Photoshop®

Mac Settings

Step 1: Loading the Output Style

A. Download output styles and color settings below. 

Click here to download settings for Photoshop Mac

B. Unzipped downloaded files and move the files into the following locations on your MAC.

GRACol2006_Coated1v2.icc place in the following folder:
Hard drive>>Library>>Application Support>>Adobe>>Color>>Profiles.

CCG_CS3.joboptions OR CG_pdfx4.joboptions place in the following folder:
Hard drive>>Library>>Application Support>>Adobe>>Adobe PDF>>Settings.

CG_InDesign_ColorSettings.csf place in the following folder:
Hard drive>>Library>>Application Support>>Adobe>>Color>>Settings>>Recommended


Step 2: Turn on Color Settings

Photoshop_Instr_mac.jpg

 

A. Open Photoshop. Be sure all documents are closed.

B. Edit>>Color Settings, select CG_Photoshop_ColorSettings

Click OK.

 

 


Step 3: Writing a PDF

Make sure that all instructions in steps 1-2 have been followed before writing a PDF.

A. Keep file as layers. Do NOT Flatten. This will help hold the integrity of any type created in photoshop. 

B. Under File>>Save As>>Name your file.

C. Under Format, select Photoshop PDF.

Make sure Embed Color Profile is checked. 

 

Photoshop_Instr_mac2.jpg

D. Under Adobe PDF Preset:

Select CG_Photoshop>>Save PDF


PDF Guidelines

A PDF, or Portable Document Format, file is usually smaller and self-contained. It is a format that includes the document, text, images and vector graphics. If a PDF is written correctly, there is no reason to send the “collected” files, and the potential issues that come with them are eliminated. The following link will assist in this educational process.

Quality PDFs can be sent from the major design programs—QuarkXPress® and InDesign®. Other programs provide opportunities to create PDFs too. Check the program's online help guide to establish if the program has the ability to create high-end PDFs.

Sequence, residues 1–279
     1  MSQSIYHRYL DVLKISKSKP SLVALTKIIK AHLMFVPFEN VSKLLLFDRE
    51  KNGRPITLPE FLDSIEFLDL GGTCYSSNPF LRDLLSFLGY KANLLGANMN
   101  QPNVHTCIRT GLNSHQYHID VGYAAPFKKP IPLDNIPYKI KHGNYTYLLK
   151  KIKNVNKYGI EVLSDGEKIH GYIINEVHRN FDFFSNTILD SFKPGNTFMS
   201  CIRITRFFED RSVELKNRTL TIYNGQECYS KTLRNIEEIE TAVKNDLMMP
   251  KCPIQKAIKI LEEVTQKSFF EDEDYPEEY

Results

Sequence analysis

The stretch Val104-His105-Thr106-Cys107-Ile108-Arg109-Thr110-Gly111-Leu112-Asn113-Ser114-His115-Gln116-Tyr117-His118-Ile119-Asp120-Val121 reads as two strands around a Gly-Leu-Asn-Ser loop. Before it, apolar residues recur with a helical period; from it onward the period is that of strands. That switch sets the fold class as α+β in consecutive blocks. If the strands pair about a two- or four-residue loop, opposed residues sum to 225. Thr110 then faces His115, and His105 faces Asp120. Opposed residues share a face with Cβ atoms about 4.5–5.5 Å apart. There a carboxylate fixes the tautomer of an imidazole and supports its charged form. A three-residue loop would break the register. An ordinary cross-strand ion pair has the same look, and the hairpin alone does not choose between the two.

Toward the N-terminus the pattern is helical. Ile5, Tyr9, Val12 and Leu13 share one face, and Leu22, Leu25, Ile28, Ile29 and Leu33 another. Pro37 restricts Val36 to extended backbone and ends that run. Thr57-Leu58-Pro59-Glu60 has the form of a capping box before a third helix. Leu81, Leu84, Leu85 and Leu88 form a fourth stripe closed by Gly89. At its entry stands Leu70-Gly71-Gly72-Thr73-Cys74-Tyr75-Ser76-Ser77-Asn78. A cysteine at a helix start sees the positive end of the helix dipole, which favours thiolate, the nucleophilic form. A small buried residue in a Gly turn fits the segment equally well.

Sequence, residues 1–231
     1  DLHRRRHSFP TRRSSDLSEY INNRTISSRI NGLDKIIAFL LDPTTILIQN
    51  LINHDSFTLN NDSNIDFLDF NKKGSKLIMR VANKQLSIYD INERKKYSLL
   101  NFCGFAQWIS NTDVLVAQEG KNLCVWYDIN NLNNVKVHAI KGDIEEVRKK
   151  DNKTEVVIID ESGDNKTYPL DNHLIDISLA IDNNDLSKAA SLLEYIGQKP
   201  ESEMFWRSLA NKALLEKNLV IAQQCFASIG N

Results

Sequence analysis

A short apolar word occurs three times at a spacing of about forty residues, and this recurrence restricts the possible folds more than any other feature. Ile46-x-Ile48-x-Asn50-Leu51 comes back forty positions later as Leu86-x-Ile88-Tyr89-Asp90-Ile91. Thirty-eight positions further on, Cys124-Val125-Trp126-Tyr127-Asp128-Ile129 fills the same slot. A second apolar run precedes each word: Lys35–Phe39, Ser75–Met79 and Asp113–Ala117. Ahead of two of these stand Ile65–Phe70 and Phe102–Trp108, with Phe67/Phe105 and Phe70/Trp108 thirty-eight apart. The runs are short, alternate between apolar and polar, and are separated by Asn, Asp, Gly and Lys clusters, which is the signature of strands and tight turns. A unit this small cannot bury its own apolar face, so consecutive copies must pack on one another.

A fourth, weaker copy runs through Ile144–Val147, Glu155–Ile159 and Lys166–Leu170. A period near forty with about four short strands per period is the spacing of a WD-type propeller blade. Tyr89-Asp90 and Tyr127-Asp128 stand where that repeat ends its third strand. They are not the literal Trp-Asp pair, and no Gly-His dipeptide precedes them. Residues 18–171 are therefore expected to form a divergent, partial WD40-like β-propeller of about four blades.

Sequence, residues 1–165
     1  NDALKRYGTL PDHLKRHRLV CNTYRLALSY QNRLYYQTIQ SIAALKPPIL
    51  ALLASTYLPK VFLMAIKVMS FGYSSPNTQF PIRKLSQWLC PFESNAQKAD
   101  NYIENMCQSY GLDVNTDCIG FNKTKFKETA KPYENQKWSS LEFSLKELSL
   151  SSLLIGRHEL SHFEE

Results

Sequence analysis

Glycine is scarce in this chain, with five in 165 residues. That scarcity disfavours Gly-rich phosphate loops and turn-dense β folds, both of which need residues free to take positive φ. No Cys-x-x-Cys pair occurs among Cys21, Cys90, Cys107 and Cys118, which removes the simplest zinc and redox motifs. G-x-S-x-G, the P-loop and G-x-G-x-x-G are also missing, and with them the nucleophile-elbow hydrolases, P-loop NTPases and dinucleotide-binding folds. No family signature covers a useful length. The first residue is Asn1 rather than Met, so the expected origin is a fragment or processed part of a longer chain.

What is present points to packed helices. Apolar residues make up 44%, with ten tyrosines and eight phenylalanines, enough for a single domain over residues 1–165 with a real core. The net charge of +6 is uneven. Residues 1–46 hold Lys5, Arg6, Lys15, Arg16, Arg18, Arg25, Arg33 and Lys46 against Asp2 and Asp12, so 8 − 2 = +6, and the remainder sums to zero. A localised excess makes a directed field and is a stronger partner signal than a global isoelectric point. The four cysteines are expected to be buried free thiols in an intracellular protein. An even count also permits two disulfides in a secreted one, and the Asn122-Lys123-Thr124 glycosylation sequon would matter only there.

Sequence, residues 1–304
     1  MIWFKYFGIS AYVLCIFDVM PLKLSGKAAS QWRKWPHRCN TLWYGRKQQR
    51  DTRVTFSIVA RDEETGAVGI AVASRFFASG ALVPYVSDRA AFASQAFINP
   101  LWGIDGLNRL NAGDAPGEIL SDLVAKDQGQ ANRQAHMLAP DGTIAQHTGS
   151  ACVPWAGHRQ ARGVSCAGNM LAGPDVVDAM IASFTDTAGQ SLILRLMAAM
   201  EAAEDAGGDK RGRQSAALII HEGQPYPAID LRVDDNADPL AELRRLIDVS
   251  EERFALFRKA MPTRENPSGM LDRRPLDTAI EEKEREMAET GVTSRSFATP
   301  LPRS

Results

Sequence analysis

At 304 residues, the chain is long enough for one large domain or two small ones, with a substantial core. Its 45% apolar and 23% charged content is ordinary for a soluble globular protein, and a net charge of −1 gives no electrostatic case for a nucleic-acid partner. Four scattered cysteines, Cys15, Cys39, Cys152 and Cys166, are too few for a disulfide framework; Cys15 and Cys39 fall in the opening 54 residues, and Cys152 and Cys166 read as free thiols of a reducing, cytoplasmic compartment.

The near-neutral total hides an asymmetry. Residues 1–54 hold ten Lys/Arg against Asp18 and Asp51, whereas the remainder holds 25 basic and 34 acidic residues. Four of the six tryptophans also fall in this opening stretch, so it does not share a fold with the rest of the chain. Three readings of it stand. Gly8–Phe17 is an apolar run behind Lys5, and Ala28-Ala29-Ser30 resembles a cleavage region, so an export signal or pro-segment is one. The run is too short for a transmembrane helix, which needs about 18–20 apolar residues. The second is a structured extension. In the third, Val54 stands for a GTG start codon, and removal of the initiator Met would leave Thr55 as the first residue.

InDesign®

PC Settings

Step 1: Loading the Output Style

* For versions CS3 and prior: Please submit the native files, all supporting fonts and images. Corporate Graphics will open your file using InDesign CCS and write a PDF. Please request a proof to make sure all fonts, images and text are as indicated. 

A. Download output styles and color settings below. 

Click here to download settings for InDesign CS4-CS6 (PC)

B. Unzipped downloaded files. Right click on the GRACol2006_Coated1v2.icc color profile. Choose Install Profile. 

Please note: If you are using more than one Adobe program to create your files, the color profile only needs to be loaded one time. 

 


Step 2: Load The Color Settings

Indesign_CS3_Instructions_PC_1.jpg

A. Open InDesign. Be sure all documents are closed.

B. From the Edit Menu, Choose Color Settings

C. In the Color Settings Window, click Load

D. Highlight CG_InDesign_ColorSettings.csf, click Open

 

 


Step 3: Turn On Color Settings

Indesign_CS3_Instructions_PC_2.jpg

A. Edit>>Color Settings, select CG_INDesign_ColorSettings>>OK

 

 

 

 


Step 4: Load the Adobe PDF Preset

A. File>>Adobe PDF Presets>>Define

B. In Adobe PDF Presets Window, select Load

C. Highlight CG_pdfx4.joboptions, click Open

D. In Adobe PDF Presets Window, click Done


Step 5: Writing a PDF

Indesign_CS3_Instructions_PC_3.jpg

Make sure that all instructions in Steps 1-4 have been followed before writing a PDF.

A. Under File>>Export

B. Name your PDF.

In CS4: Select Adobe PDF>>Save

Indesign_CS4-CS6_Instructions_PC.jpg
Indesign_CS4-CS6_Instructions_PC2.jpg

C. Under Adobe PDF Preset >> Select CG_pdfx4>>Export

In CS5 or CS6: you will need to choose Adobe PDF (Print) (Not Adobe PDF Interactive)>>Save


Photoshop®

PC Settings

Step 1: Loading the Output Style

A. Download output styles and color settings below. 

Click here to download settings for Photoshop Mac